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How much has your rent gone up this year?

Wednesday 10th January 2018

We ask the people.

 

A dodgy abode in Auckland.
A dodgy abode in Auckland.

Photo: Mark/Flickr

It’s that magical time of year when it seems every student and yopro is scrambling to find a place to live.

For students, the Government is trying to make it easier by offering an extra $50 per week in allowances and living cost loans this year, on top of its free first year of tertiary study.

But Trade Me’s latest rent price index, based on its listings, shows the average median national rent is $460 per week, up 3.4 per cent on last year and a record high. Wellington is up 8.7 per cent to $470 per week and Auckland 1.9 per cent to $530 per week.

Record increases are expected again this year.

The Wireless asked Wellington rangatahi how tough it is to find a decent place to live.

REMEDEE, RETAIL WORKER

I’ve been renting here for four years. I wouldn’t say it’s the cheapest. I’m originally from Whanganui, where rent is a hell of a lot cheaper. I pay about $220 for my room in Mt Cook and flat with six others. When I first moved here I was paying $160 at another place, but I hear their rent has been going up yearly since I left.

It is expensive in Wellington, but more so when you have to think about bonds and especially things like letting fees where landlords will slap on an extra $2000 or something. Every time you move you’re starting afresh and you’re going to have to pay a lot more than if you were already settled.

Remedee and Naoise.
Remedee and Naoise.

Photo: The Wireless/Max Towle

NAOISE, STUDENT

I’ve flatted for two years. My first year I lived in Brooklyn in a really shitty place that was mouldy as hell and I paid $150 for a room with a lot of others. This year I’m living in the Basin apartments and it’s more expensive but at least the quality is better and it’s at least warm.

It was tough to find this place. When we were looking we had to have everything ready to go at all times. It was just manic and everyday was stressful. If a halfway decent place came up we had to be ready to commit.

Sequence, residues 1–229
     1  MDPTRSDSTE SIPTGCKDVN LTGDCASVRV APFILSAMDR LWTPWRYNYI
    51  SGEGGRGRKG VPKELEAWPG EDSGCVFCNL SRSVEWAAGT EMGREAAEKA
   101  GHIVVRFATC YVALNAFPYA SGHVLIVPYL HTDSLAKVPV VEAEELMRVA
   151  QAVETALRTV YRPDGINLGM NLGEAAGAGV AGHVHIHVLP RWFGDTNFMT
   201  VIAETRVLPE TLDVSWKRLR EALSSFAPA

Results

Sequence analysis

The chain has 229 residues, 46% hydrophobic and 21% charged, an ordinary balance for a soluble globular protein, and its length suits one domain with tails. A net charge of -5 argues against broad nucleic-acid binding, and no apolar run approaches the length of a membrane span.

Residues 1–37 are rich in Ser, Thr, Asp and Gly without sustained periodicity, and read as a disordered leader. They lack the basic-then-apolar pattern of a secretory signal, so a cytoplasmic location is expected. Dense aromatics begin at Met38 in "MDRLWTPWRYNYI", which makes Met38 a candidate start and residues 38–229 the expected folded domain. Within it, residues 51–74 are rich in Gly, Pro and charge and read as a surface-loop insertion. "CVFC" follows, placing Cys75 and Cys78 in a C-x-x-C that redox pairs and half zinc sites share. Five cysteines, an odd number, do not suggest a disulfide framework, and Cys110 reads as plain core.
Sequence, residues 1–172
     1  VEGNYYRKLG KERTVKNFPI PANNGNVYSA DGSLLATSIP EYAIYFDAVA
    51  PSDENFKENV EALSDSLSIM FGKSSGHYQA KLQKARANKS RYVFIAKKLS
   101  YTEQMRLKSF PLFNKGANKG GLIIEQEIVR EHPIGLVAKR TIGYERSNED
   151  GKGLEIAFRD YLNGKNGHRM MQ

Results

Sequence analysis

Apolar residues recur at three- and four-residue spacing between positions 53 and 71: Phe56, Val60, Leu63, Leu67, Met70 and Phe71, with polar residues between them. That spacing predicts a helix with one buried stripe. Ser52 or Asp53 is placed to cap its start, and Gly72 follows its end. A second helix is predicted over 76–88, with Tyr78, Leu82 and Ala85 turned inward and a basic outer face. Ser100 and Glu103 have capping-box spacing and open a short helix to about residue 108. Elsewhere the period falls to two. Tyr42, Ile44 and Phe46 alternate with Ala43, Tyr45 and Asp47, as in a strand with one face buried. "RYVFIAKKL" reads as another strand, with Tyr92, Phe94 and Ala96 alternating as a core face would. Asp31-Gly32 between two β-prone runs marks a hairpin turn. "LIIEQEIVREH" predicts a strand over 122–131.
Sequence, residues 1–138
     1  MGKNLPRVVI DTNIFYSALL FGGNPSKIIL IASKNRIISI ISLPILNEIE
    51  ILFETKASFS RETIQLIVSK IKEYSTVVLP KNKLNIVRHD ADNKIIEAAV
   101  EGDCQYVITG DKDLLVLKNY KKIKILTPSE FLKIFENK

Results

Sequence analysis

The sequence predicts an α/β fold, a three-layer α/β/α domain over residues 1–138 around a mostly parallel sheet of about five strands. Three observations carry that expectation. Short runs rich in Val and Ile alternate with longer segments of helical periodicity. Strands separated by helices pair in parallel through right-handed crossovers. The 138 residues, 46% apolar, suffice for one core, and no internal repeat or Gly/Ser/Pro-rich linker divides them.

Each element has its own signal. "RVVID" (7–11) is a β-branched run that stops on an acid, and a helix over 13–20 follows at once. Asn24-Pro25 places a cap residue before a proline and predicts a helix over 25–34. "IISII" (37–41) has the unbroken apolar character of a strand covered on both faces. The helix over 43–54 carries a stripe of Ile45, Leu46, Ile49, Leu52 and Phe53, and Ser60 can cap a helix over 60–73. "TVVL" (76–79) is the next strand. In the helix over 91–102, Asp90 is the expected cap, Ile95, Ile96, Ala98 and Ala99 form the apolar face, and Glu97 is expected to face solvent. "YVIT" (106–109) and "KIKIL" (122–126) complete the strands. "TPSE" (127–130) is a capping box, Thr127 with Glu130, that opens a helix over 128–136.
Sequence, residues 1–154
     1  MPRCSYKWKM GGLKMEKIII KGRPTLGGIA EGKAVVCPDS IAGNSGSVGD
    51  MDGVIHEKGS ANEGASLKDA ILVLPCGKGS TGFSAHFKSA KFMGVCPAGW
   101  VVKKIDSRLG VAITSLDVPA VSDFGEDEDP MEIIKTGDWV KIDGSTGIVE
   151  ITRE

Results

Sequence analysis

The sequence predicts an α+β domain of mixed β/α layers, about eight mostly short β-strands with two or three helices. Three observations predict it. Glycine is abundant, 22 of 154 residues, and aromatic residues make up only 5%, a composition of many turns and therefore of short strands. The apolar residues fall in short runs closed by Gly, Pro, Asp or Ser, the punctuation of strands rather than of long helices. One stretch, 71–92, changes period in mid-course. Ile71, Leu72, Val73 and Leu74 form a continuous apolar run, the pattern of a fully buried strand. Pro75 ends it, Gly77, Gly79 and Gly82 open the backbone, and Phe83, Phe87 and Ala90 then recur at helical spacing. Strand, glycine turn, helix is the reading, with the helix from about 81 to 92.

If there were no holes in the walls - great. Bonus.

GEORGIA, STUDENT

I flat with some friends in the CBD. Our place was freezing in winter, but that’s just because it was central. We couldn’t afford to run heating during the winter. But as far as things go, the place isn’t too bad. It’s not mouldy. I do think we’re being charged more than we probably should - the three of us pay $650 per month. We’re moving out this year and the landlord is going to put the rent up - I can’t remember how much by.

My friend and I have been looking for a new place but it’s been difficult. In the lead-up to the new year we’ve only found one place within our price range and decent enough to live in. But you’re competing for these places with hundreds of other students and young people.

We have been offered two places for $250 each but one had gaps between the ceiling and the windows and the landlords said they wouldn’t fix it. The other had no windows that opened. I went to see a flat on Dixon St a couple of weeks ago and it was literally covered in rubbish. That probably wasn’t completely the landlords fault, but it seems like they feel they can get away with things like this because everyone is so desperate. They were charging $500 for two people.

My friend and I have a cover letter with two photos - it’s a full A4-and-a-bit page describing us and our extra-curricular interests and where we volunteer and a bit about our values and stuff. We don’t necessarily want to live out of the city because we’d then be paying $30 per week in transport costs and it just doesn’t balance out at all. You don’t really have a choice.

KALO, SUPPORT WORKER

I started renting in Wellington in 2013. I’m staying in a one-bedroom apartment in Thorndon and I’m paying $230, which is the cheapest I’ve ever seen. The rent has gone up by $30 but it’s a good place and still really cheap. I only agreed to it if they would fix certain things in the flat and they did. There are still things that need fixing but my landlords seem really onto it.